Although it's not easy to admit your delicious, four-course meal went over like a bag of bricks with your toddlers, I do believe its my job to continually offer what's best for their little bodies. 

I'm also often reminded of the importance of modeling good, healthy eating habits. If it weren't for my kids constantly stealing my food, they never would have developed their love of edamame. And, hey--if edamame is the only thing they walk away from their childhood eating then, I did pretty darn good. 
"It's difficult to think anything but pleasant thoughts while eating a homegrown tomato."
-Lewis Gizzard
Delicious Tomato Pie
1 pie crust (we used frozen)
Dijon mustard
Diced frozen organic onions (about 2-3 medium sized onions worth)
Olive oil
3/4-1 bag of shredded organic sharp cheese and/or Mexican blend (I know, sounds strange but it was perfect!)
2-3 large tomatoes
Basil, chopped
2 garlic cloves, chopped (or minced garlic)
black olives
Bake pie crust according to the directions. Slice tomatoes and arrange on plate. Sprinkle with salt and let sit for 30 minutes. Saute' onions in olive oil. Baste cooked pie crust with Dijon mustard. Spread cooked onions to cover the crust. Cover the onions with cheese. Sprinkle basil generously over the cheese. Cover cheese with tomatoes. Mix 2-3 Tbsp olive oil, garlic, basil and spread over tomatoes. Decorate with black olives. Cook for 30 minutes at 350 degrees. Let sit for about 20 minutes before serving. 

P.S. With all this talk of vegetables I'm sure you're wondering if we still make time for our favorite cupcakes? Of course, because it's all about balance right?!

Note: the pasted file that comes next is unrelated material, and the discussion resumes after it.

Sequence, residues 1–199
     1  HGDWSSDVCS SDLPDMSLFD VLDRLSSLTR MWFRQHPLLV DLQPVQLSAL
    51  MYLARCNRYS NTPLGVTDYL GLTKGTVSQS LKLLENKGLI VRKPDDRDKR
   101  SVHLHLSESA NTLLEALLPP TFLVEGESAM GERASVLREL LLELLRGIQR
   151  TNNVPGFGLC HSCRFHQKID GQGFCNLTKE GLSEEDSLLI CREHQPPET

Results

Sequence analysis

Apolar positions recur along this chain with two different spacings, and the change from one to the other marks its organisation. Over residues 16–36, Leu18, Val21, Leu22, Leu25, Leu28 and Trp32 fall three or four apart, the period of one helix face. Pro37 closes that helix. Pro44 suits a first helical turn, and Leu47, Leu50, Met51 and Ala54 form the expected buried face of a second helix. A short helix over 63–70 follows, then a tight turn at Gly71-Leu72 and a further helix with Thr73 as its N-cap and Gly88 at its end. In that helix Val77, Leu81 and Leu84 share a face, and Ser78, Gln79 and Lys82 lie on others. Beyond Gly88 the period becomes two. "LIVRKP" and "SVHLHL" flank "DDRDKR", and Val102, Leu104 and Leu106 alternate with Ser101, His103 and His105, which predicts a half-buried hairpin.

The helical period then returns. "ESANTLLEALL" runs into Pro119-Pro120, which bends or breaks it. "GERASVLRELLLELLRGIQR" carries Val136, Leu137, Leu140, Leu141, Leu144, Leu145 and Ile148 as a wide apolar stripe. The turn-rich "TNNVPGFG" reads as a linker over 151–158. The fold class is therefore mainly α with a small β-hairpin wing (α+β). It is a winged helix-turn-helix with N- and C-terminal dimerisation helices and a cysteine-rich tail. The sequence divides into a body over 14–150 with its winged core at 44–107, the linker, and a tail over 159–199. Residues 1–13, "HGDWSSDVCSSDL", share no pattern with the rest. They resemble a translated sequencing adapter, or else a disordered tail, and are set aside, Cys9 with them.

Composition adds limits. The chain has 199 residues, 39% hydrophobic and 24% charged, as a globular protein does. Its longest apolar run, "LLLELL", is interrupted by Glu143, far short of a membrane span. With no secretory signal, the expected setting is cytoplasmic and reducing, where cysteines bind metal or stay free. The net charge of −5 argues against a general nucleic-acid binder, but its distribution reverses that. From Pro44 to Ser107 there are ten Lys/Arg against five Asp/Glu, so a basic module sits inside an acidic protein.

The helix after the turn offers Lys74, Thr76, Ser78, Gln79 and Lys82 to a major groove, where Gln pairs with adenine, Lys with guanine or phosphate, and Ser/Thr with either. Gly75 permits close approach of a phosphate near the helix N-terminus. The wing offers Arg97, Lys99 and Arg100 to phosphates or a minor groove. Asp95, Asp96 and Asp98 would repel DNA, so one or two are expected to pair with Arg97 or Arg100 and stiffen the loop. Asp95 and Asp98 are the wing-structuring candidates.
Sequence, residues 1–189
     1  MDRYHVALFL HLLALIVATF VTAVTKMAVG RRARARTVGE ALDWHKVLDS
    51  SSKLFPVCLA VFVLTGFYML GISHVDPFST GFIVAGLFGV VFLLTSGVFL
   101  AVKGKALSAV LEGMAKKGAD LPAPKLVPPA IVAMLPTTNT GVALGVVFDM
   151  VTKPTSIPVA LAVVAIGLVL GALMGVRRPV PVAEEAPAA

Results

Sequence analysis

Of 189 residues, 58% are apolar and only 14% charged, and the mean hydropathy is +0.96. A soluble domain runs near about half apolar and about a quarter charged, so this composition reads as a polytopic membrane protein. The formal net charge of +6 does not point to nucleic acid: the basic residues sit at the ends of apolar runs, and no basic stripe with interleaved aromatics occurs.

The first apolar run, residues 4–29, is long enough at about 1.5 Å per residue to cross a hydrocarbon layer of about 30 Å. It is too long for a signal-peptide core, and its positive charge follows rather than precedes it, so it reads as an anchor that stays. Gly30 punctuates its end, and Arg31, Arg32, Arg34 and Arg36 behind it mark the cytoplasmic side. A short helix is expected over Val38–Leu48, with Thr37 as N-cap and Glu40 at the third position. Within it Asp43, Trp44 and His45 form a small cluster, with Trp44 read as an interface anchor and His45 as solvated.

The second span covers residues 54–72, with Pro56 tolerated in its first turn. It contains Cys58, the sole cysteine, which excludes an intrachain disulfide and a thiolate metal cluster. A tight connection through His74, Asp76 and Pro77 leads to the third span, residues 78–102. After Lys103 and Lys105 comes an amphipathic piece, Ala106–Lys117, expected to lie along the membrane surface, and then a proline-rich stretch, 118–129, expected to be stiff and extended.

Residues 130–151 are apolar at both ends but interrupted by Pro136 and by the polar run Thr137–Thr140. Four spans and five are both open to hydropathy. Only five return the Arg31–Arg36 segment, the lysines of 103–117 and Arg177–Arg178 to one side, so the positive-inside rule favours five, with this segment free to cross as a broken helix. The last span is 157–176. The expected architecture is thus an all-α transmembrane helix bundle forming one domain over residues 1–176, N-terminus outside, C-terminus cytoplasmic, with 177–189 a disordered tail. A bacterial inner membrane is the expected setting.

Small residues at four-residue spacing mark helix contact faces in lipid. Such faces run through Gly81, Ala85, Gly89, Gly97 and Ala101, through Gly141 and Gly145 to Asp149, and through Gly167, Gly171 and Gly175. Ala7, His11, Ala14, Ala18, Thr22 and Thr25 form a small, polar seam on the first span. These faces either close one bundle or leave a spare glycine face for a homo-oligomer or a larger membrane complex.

Saturday, August 25, 2012

Blue Skies and Broom Sticks

Tonight I stared up at an open, bright blue sky. I felt loose, calm, relaxed and proud for making this night happen for myself.

I took an outdoor yoga class which was a mix of Vinyasa and Relaxation. At the close of the class I felt completed rejuvenated. When the teacher asked us to focus on one positive thing we could take away from the class, I knew what it was. Not just the fact that my tight neck, back and hips were finally home again, centered where they should be, but the gift of being able to enjoy this beautiful summer night and ponder over all my many blessings as I focused on breathing deep into the hollow of my belly.

Thank you for my health, my family, my husband, my children, my home, and my good friends.

Much to the chagrin of my husband, my littles have a fascination with the Wizard of Oz since Emerson's party few months ago. It is frequently a topic of discussion within the walls of our home and even presents itself outside in forms of Tin Man and Wicked Witch impersonations.
(His favorite teacher at camp dressed up as Dorothy for Fantasy Costume Day when she heard he was going to be the Witch. She made his day and he couldn't stop smiling when I picked him up at the end of camp.)